Awards and Credentials
- Elected to the National Academy of Sciences, 2009
- Elected to the American Academy of Arts and Sciences, 2003
- Elected to the Institute of Medicine, 2003
- Distinguished Scientific Contribution to Psychology Award from the American Psychological Association, 1996
Dr. Taylor is a Distinguished Professor of Psychology. She studies social relationships and how they protect people against stress. Her tend-and-befriend model, which was developed in response to the fight-or-flight metaphor that usually guides stress research, builds on the fact that, in response to stress, people come together with others for joint protection of self and offspring.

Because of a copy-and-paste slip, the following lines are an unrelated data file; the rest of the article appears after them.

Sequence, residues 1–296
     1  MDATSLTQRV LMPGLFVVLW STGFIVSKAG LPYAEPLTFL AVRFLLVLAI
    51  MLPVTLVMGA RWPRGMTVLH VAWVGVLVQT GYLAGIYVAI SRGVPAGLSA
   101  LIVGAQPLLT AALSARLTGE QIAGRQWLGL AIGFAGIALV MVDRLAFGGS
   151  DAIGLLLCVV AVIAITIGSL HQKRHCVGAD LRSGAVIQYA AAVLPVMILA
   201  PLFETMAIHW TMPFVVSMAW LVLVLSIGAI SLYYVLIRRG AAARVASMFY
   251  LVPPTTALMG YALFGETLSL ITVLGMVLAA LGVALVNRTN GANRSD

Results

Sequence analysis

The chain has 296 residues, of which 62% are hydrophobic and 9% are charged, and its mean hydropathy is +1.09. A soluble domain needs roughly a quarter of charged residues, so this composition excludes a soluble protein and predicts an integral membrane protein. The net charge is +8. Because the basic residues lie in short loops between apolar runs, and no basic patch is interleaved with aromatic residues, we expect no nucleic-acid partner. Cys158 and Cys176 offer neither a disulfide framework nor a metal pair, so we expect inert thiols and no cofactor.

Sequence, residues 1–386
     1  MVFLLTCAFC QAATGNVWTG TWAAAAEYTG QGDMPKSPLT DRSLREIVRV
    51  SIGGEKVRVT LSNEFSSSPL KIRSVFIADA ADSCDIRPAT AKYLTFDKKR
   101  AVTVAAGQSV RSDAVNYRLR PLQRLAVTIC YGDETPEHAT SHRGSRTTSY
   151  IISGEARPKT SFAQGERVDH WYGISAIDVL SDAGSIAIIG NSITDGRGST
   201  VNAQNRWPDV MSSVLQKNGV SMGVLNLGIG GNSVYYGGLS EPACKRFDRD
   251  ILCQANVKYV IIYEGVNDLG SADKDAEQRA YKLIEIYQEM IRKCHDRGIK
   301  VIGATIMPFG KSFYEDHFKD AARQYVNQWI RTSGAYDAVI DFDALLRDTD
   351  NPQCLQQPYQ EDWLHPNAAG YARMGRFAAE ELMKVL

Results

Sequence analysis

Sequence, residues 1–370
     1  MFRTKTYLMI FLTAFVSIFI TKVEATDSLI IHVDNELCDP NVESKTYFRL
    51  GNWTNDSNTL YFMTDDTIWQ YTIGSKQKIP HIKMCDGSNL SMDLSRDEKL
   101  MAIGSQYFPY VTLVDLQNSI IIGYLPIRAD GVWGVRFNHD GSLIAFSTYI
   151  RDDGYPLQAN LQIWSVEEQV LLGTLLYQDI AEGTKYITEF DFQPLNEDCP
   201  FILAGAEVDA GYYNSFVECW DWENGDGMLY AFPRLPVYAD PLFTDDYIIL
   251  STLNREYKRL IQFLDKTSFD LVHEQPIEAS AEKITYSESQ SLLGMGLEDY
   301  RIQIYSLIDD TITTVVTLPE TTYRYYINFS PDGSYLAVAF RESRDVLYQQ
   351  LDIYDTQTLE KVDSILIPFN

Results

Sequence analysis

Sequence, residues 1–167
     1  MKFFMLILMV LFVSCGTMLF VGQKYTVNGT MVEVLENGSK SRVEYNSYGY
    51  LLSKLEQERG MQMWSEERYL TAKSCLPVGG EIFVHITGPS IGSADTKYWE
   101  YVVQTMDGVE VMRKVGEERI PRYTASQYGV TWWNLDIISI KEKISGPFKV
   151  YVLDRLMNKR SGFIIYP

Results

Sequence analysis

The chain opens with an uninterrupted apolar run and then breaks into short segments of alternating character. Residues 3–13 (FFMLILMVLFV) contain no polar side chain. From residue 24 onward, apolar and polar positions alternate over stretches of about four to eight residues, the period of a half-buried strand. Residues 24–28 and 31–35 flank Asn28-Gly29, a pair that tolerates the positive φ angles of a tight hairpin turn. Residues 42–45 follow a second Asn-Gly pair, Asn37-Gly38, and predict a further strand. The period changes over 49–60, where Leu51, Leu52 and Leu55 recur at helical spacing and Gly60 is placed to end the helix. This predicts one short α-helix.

Dr. Taylor also studies self-regulation, stress, and coping, and explores the skills that people develop and use for anticipating stressful events and for minimizing their adverse effects when they do occur. Finally, she studies how positive beliefs are protective of mental and physical health. She shows that positive illusions, namely beliefs that center on optimism, self-enhancement, and an illusion of control, can protect against threats or traumas, not only psychologically but also in terms of physical health.
Dr. Taylor received her doctorate from Yale University. She is the author of more than 350 publications in journals and books and is the author of Social Cognition, Positive Illusions, and Health Psychology.